Reagan followed their advice most of the way. He was irresistibly attracted, however, to Gorbachev’s opening the door to nuclear abolition. Now that Reagan had found what he believed to be the key to overcoming the danger of cheating—a technological solution that did not depend on trusting a treaty; a way, as he said, to “trust your neighbor, but cut the cards”—he was prepared to move to mutual agreement for nuclear abolition, but only if the U.S. could continue to develop SD.

Gorbachev, for his part, had maneuvered his Politburo and Military-Industrial Council colleagues brilliantly to commit themselves to the total elimination of nuclear weapons. They had agreed to the commitment thinking it was merely more Soviet boiler-plate propaganda. When they saw that Gorbachev actually intended to hold them to their commitment, they agreed to do so only if Gorbachev elicited a comparable commitment from Reagan to limit SDI research to the laboratory and not deploy any SDI systems in space for at least ten years. Gorbachev was instructed to offer all his various proposals for reducing and eliminating nuclear arms as a package, contingent upon Reagan restraining SDI, and if Reagan refused to do so, Gorbachev was to withdraw his entire package of offers and return to Moscow.

Thus the Reykjavik meeting was set up to pit an irresistible force against an immoveable object. When I wrote about it in the third volume of my four-volume history of the nuclear age, Arsenals of Folly, I was struck by how inherently dramatic the meeting was. It asked to be shaped into theater, and that was what I proceeded to do.

THE TEXT
More than half of the text of Reykjavik is verbatim or near-verbatim transcript of the actual Reykjavik discussions. Gorbachev, of course, spoke Russian, but the translation was simultaneous.

The more personal parts of the text come from both men’s writings—their memoirs and, in Reagan’s case, his autobiography.

NUCLEAR WEAPONS
Nuclear weapons harness the fundamental forces at work in the nuclei of atoms. Atomic bombs fission uranium, the heaviest natural element, and because their chain reaction ceases when the bomb core explosively disassembles, they are naturally limited to a maximum yield of about 500,000 tons of TNT equivalent—500 kilotons. Hydrogen bombs fuse hydrogen, the lightest natural element, into helium. They require an atomic bomb to start the fusion reaction by heating and compressing the hydrogen fuel, but once those conditions are met, fusion can proceed as long as there is fuel—like a fire. Hydrogen bombs are therefore potentially unlimited in yield, typically in the millions of tons of TNT equivalent—megatons.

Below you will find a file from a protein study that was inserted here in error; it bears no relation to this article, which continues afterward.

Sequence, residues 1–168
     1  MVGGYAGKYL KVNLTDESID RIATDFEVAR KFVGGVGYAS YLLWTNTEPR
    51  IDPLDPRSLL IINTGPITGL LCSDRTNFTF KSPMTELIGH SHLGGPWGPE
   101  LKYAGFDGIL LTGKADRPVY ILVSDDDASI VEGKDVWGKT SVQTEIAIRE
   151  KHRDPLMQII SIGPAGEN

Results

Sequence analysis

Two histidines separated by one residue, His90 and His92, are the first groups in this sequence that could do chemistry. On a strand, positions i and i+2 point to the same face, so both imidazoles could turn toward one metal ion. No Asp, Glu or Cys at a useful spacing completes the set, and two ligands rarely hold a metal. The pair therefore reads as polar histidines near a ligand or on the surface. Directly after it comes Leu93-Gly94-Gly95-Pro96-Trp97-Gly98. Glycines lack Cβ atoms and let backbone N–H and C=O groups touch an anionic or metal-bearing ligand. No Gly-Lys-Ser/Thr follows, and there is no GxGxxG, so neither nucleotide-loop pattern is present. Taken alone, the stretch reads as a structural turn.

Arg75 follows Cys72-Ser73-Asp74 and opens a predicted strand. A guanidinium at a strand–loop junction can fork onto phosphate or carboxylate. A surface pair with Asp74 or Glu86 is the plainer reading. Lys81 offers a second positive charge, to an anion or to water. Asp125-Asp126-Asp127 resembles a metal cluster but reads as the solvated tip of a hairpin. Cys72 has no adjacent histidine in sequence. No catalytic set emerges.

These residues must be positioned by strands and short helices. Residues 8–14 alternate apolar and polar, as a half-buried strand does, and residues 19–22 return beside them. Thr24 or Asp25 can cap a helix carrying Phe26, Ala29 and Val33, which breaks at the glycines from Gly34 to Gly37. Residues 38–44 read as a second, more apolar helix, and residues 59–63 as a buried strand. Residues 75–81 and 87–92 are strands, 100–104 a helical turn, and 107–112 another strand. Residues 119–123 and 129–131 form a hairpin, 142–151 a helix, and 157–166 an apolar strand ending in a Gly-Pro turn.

In both fission and fusion, a small amount of mass is converted into energy, and since E (energy) = mc2 (mass times the square of the speed of light, a very large number), even a very small amount of mass can produce a prodigious amount of energy, most of it in the form of heat. Only about one kilogram of uranium fully fissioned in the Hiroshima bomb, but it was enough to destroy a medium-sized city and kill 70,000 people.

Hydrogen bombs are actually multi-stage devices. The first stage, a small atomic bomb, provides the energy to compress and heat (to well above 100 million degrees C) the second stage, a volume of hydrogen, until nuclear fusion can occur. More hydrogen stages can be added; the notorious Czar Bomba, a 68-megaton Soviet device tested in the Arctic in 1961, was a three-stage system as exploded, with a fourth stage removed to reduce it from its design yield of greater than 100 megatons.

Most of the destruction that nuclear weapons produce is the result of mass fire (the present technical term for what was formerly called a “firestorm”). A 300-kiloton nuclear weapon exploded a thousand yards above the Pentagon would rubbilize every structure around it out as far to the northeast as Capitol Hill (and of course equally far in every direction); but the resulting mass fire, ignited simultaneously across the entire city by the nuclear fireball, would burn everything in Washington to mineral ash all the way out to the Beltway, a circle with a radius of about 15 kilometers (nine miles). A one-megaton hydrogen bomb exploded over Manhattan would destroy all life in all five boroughs of the city of New York; a pall of radioactive fallout from the explosion and mass fire would release lethal doses of radiation up the East Coast all the way to Boston.

And even a small nuclear exchange—a few megatons—if the warheads exploded over cities and started mass fires, would release smog and smoke into the stratosphere that would slowly spread across the world. By blocking sunlight, such a pall of smoke and smog would cool the entire earth by an annual average of 2 to 3 degrees for a period of a decade or more. The result would be the prompt deaths of 20 million or more people, followed by the slow mass starvation of another two billion or more.

Given these horrors, it’s unsurprising that no nuclear weapons have been exploded in anger since Hiroshima and Nagasaki in 1945. So long as nations continue to maintain such terror weapons in their arsenals, however, a nuclear apocalypse remains a real prospect for humanity.

Script-In-Hand Series: REYKJAVIK

Script-In-Hand Series: REYKJAVIK

SOME TECHNICAL TERMS
Strategic: as applied to weapons, those capable of reaching the enemy’s homeland, such as ICBMs (intercontinental ballistic missiles) and intercontinental bombers.

Tactical:
as applied to weapons, those used against enemy combatants and of relatively short range; battlefield weapons.

Intermediate-range: as applied to weapons, those of range intermediate between tactical and strategic, such as the American nuclear weapons positioned with NATO forces in western Europe to defend against Soviet tanks pushing west from East Germany.

Anti-Ballistic Missile Treaty: This treaty, signed between the Soviet Union and the United States in 1972, banned defenses against ballistic missiles. (The United States under George W. Bush unilaterally abrogated it in 2002.) It did so to prevent development of a defensive system such as Reagan’s SDI, which (had it worked) might have undercut nuclear deterrence by making it possible to launch a missile attack from behind the safety of such defenses. (Nuclear deterrence was based on the idea that if each side had ICBMs or other nuclear delivery systems that could survive a sneak attack, a “first strike,” then neither side would dare attack the other, because doing so would guarantee comparable retaliatory nuclear destruction—provided, of course, that the recipient of the first strike, whose country would already be destroyed, was willing to launch his second-strike missiles purely in revenge. (Reagan and Gorbachev discuss this question in the course of the play.)